March 1, 2011

A murdered deadline

by Dan Bilicki In: Ice Hockey

You could call it the trade dud-line the trade DEADline or whatever you wish, but whichever way you slice the NHL’s trading ceasefire commenced on Monday with little movement to speak of after some lofty expectations.

Look at recent deadlines and the kind of movement they produced:
-In the NBA, two superstars swapped sides and some contenders swapped bodies. It was a rousing day for anyone that followed it and it really came down to the wire.

-In European soccer, two top English rivals swapped a player for an astounding $50 million and we also saw a couple of records set in the process.

-Even at last season’s NHL deadline we saw a record-breaking amount of moves, with 55 trades completed on the final day.

But this year, we actually had more analysts appear on TSN than we saw trades be completed. Sixteen trades on Monday, 20 guys appearing on camera. If you were to put hash tags in blogs, this statement would be followed by a #tradedeadlinefail or even #epicfail.

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Hurting the deadline even further was the lack of a superstar even being in play. Brad Richards was rumoured to be on the move, but is even a star? Well technically he’s a Dallas Star, but that’s just semantics. He’s also currently out with a concussion, so would you risk dealing for him?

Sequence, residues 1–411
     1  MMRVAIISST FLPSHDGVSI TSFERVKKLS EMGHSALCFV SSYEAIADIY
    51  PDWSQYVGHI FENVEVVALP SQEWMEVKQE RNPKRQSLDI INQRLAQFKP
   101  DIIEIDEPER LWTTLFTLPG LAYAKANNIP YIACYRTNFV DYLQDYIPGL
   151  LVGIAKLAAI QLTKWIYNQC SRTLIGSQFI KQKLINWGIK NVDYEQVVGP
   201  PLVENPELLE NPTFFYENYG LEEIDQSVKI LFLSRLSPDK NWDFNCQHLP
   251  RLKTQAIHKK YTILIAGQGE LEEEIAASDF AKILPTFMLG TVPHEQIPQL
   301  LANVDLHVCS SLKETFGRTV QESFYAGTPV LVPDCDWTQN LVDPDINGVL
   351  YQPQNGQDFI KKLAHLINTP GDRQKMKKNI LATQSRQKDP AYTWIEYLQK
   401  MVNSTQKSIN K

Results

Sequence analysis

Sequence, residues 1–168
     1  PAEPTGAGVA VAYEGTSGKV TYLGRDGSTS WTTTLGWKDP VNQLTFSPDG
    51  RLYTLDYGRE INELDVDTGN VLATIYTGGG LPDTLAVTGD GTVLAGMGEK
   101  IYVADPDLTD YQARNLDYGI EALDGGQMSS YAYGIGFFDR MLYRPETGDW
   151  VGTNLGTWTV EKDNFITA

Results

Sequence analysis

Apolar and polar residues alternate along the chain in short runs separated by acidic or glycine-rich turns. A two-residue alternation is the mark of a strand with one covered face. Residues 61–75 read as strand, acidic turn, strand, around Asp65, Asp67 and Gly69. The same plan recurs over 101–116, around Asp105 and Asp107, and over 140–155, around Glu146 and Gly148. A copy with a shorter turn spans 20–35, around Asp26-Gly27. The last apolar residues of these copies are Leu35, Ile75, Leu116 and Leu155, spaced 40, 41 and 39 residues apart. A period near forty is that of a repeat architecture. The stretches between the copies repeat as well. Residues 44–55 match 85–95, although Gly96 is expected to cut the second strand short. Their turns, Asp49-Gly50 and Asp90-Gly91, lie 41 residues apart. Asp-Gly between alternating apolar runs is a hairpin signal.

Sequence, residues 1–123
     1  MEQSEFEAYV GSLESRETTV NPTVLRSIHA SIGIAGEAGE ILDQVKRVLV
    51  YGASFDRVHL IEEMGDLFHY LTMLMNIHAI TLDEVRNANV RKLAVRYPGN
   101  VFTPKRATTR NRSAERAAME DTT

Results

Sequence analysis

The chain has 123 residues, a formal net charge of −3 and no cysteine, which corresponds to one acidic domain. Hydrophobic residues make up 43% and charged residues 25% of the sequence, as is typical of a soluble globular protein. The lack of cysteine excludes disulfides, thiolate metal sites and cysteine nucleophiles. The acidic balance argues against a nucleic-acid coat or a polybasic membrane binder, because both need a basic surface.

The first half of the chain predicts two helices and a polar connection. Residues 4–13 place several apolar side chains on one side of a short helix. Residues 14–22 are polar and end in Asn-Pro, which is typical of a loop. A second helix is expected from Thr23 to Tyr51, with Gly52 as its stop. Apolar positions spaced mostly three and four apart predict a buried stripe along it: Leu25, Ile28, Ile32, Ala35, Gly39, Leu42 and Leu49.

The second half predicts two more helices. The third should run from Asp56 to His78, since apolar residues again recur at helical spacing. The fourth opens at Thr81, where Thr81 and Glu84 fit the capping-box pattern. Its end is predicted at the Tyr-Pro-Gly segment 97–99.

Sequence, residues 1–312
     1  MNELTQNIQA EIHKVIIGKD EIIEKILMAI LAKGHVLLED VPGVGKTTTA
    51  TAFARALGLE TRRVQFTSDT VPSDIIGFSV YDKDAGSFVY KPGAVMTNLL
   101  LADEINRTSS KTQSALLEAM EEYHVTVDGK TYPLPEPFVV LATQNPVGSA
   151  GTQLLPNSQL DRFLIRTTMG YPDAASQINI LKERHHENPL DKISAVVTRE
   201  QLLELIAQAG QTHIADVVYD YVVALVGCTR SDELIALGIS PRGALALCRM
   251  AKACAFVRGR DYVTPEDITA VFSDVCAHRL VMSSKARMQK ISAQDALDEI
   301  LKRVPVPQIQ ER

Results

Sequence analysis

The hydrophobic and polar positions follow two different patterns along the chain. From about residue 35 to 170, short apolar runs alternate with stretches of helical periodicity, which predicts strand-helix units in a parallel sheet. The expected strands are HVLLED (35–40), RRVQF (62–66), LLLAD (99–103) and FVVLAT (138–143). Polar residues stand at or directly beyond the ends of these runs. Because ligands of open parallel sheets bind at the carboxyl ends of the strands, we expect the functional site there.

The biggest name player to move was Dustin Penner, but that depends on how you feel about a 36-year-old journeyman centre (Jason Arnott) and a puck-moving defenceman with 33 points and a minus-26 (Dennis Wideman). Many will say that Penner is playoff-tough, having won the Cup before with Anaheim, but his production is down for last season’s breakout campaign and he’s only on pace to net 50 points this season.

I obviously can’t rip a league for not having more deals on one of their supposed marquee media coverage days, but I can rip the two networks that went Super Bowl pregame big on Monday. Both TSN and Sportsnet had studio coverage for up to 10 hours, starting at 8 a.m. This would have been completely unnecessary if there had been a record number of moves and stars changing places.

TSN had 11 men in studio alone plus their call-in correspondents, can you say overkill? At one point, because the deadline was so bloody dull, there was a rousing discussion over who would be on Team Canada’s 2014 Olympics squad. I must have missed the part where the NHL agreed to send players to Sochi.

Hopefully next year we’ll see the networks trim back and avoid some embarrassment. This was simply way too much.

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